In our weekly poll for this week, we want insights from you about the camera usage on your smartphone. Do you prefer shooting from the main camera? Or do you prefer the ultra-wide range camera? How often do you use the telephoto lens? We also want to venture a little prediction ask you what you think will be the next big thing in mobile cameras.
Back in the days when smartphones like the Sony Ericsson W810i and the Nokia N Gage QD didn’t even sport a camera, we could hardly imagine that cell phone cameras would eventually become a serious alternative to our DSLRs. Things are a lot different today, though! In fact, cameras on smartphones have become so important, you’ve named them as one of the main incentives behind buying a new phone. It is also undeniable that the smartphone camera space has seen phenomenal advances in the past few years and that the space continues to evolve as we speak.
Microscope camera, 100x zoom and clever software tricks
If we look at some of the flagship devices announced within the past few months alone, there have been several camera features that have never existed before in this form, or at least in the same quality. For example, Oppo came up with something called a ‘Microscope camera’ on the Find X3 Pro – a feature that lets them capture details that were beyond the capability of smartphone cameras. The phone is also the first device that allows amateur photographers to capture, edit and view images on the display entirely in a 10-bit workflow.
Samsung, on the other hand, has focused more on powerful telephoto cameras on the Galaxy S21 Ultra. And at the end of the day, the sheer versatility offered by these cameras does become a key factor when a customer is out to purchase a new device.
Which device do you use as your main camera?
Let’s take another step back, switch to the mental ultra-wide-angle camera and look at the big picture. Personally, I probably take most pictures with my phone, but for “serious” shots I still use a system camera – a Sony Alpha 7 II to be precise! What’s it like for you guys?
I have a strong suspicion of already knowing what will come out of this. Of course, we have to allow for a bit of bias here, since NextPit is primarily a smartphone magazine. I’m still looking forward to your answers!
Telephoto, wide angle, ultra wide angle – which do you find most useful?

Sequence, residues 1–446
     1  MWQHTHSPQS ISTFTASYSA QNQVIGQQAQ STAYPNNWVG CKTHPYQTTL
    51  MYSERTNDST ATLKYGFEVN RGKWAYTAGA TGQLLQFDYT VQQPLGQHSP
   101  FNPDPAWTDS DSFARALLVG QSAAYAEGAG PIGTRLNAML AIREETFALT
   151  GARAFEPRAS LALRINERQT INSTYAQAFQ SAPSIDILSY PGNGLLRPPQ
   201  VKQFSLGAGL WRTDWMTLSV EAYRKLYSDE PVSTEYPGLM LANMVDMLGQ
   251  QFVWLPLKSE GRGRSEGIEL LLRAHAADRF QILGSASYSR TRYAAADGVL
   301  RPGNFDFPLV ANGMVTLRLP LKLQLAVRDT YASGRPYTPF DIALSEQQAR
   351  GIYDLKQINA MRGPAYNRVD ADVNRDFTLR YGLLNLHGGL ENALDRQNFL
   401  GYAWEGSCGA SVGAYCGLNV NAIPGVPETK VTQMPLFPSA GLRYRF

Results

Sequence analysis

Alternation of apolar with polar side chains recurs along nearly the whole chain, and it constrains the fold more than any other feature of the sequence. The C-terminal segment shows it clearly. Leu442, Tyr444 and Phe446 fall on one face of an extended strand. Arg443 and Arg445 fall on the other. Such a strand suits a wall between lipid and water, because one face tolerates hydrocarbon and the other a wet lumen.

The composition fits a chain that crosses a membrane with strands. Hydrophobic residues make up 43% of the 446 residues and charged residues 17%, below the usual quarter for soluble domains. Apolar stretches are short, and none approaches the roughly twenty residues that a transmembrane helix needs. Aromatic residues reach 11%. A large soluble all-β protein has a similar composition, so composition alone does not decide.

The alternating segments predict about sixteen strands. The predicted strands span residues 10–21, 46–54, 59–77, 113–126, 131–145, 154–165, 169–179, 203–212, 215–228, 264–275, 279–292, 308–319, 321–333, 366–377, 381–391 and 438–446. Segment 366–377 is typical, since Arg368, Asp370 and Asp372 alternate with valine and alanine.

Let’s move on to the question about each camera on the back of your smartphone. Since the question about usage will probably be won by the main camera anyway – after all, the phone already uses it automatically when you open the camera app – it’s more about which lens manufacturers should plan the most development for in your eyes.
Personally, I find the combination of a good main camera and a good ultra-wide-angle to be the most practical when taking photos. Colleagues always rave about good telephoto cameras though – so I’m very excited!
What feature is most important to you?
With a bit of luck, we already know which lens we want to see the most improvements for in the future. But what makes each camera better in the first place? Let’s get to some features that should just get better.
Again, do you guys want my own opinion? I’m pretty undecided here, as cell phone pictures have more of a sentimental value. If there’s some blurring in the process, I don’t really care. I’m more likely to be a complainer with my “real” camera. That’s a good follow-up question!
WhatsApp or living room – where do your pictures end up?
While cell phone photos are getting better and better, our interaction with the finished photo is also changing. Back in the day, you would have been hell-bent on just forgetting about the pictures after you took them. Nowadays, pictures quickly disappear into cell phone memory. So:
I’ve allowed multiple choices here, as I think it’s going to be hard to make a completely definitive statement here. At some point, I started to hang my elaborate photos on the wall, i.e. those that are taken with the camera and then run through Lightroom. Really fun to see the pictures in the apartment over and over again.
I could probably think of 200 more surveys on the topic of smartphone photography, but I don’t want this article to become a mammoth task for you over the weekend. If you have more ideas about smartphone cameras, you’re more than welcome to discuss them in the comments!